This is the Internet, right? Right (hopefully you knew that). And if you know the Internet, you’re certainly familiar with meme culture, whether it’s Star Wars Kid or Nyan Cat or Numa Numa Guy or any number of… wow… those are some REALLY dated references that I’m making. But, on a long enough timeline, all memes become the property of pop culture, and with that, advertising campaigns and mainstream references. Here are five moments when internet memes jumped the shark.
Truth Anti-Smoking Commercials
Don’t get me wrong, I’m not the kind of jerk that’s going to argue with an anti-smoking campaign. But I am the kind of jerk to lament the fact that anti-smoking campaign Truth has begun co-opting memes as old as Overly Attached Girlfriend (three years old), Archaic Rap (six years old) and Dramatic Chipmunk (eight years old). You know, now that I think about it, I’m just mad that Insanity Wolf didn’t make the cut, because honestly, what meme would be more effective at scaring teens out of smoking than the blood-thirsty Insanity Wolf? LIGHT UP A CIGARETTE, TURN TO ASH IN THE BURNING SUNLIGHT OF THE APOCALYPSE.
Ally McBeal Hallucinates The Dancing Baby
If you’re reading this, chances are extremely high that you have no idea what the Dancing Baby was or how massive it became. Back in 1996, the Wild West era of the Internet, things went viral as a result of e-mail chains forwarded from person to person. One of the most prominent examples of this was the Dancing Baby, a 3D-rendered baby who danced to the intro to Blue Swede’s “Hooked on a Feeling” (you know, “Ooga-chaka”). The popular TV show Ally McBeal launched the meme into the stratosphere and right over that damn shark when the title character hallucinated, and subsequently had a dance party with, the Dancing Baby. I mean, imagine if iCarly danced it up with, ohhh, I don’t know, INSANITY WOLF. CUT A RUG, THEN CUT EVERYONE.
Congressional Representative Thomas Massie Invokes The Doge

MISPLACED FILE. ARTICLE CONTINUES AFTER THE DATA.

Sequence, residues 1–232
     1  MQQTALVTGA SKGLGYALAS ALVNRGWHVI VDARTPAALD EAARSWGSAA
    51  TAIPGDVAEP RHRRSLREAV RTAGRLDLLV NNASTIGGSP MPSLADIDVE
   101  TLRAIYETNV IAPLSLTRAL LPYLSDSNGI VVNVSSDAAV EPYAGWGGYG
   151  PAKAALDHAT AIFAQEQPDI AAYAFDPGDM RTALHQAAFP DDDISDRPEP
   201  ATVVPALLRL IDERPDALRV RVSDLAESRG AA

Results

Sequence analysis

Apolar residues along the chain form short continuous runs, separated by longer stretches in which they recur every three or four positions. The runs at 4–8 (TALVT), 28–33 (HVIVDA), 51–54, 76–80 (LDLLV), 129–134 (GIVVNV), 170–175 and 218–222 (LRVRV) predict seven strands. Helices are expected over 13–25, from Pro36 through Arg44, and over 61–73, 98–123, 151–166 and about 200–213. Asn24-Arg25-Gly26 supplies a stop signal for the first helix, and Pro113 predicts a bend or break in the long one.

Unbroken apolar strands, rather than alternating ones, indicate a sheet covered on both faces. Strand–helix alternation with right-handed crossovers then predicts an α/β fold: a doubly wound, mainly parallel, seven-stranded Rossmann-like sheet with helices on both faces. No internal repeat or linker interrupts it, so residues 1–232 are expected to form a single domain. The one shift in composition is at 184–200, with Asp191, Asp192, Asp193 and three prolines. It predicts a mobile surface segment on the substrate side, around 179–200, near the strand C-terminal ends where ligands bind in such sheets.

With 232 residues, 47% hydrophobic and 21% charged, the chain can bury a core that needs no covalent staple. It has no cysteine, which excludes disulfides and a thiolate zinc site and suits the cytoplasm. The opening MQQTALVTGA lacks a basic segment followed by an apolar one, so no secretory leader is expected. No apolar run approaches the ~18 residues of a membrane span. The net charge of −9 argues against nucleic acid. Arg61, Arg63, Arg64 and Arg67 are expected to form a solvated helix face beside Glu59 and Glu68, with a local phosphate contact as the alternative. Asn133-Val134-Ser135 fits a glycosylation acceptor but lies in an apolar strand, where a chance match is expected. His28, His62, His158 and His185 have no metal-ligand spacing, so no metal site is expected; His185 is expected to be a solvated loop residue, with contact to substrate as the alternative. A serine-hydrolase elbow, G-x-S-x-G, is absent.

We all love the celebrated Doge meme. You know the one, with the adorable Shiba Inu and its terrifically broken English. But you know who else loves Doge? The Kentucky 4th’s own Representative Tom Massie, or at least someone close to him with a barely-working knowledge of Internet culture. In December of 2013, the congressman tweeted a Doge meme blasting a bipartisan budget deal in straight up HILARIOUS fashion. Representative Massie, I find your lack of Comic Sans disturbing.
Chris Crocker Is Referenced In Meet the Spartans
If there were ever a litmus test for references jumping the shark, it would be inclusion in a spoof movie directed by Jason Friedberg and Aaron Seltzer (Date Movie, Epic Movie, your worst nightmares). In 2008’s Meet the Spartans, the film’s version of Xerxes dons a Transformers-esque mech suit, claiming it uses the “latest alien technology”. Then, the screen on his chest comes to life with the YouTube logo (because references), before Chris Crocker’s infamous “Leave Britney Alone” video is cued up (because, still, references). And that’s pretty much it. I don’t have much to add to that hot garbage, so Insanity Wolf? Take it away. MAKE WORST FILM OF ALL TIME, EAT EVERY COPY IN EXISTENCE.
Tay Zonday Pimps Diet Cherry Chocolate Dr. Pepper
Tay Zonday’s immortal hit “Chocolate Rain” has been dead for a long while, albeit solidified in the annals of internet history. But it didn’t take long for an ad campaign to snatch him up to write a sequel. In November 2007, Tay wrote a follow-up, “Cherry Chocolate Rain”, for a commercial promoting the limited edition Diet Cherry Chocolate Dr. Pepper. There’s something that feels oddly deceptive about the fact that a bottle of the drink doesn’t appear until about a minute and a half into the video, but what’s even worse is how damned catchy the song is. It’s been over eight years now since the original “Chocolate Rain”, and some people remember that more than they do songs that won Grammys, so you know what? Good for Tay. Now let’s get cracking on the trap remix, guys.
5 Times Memes Jumped The Shark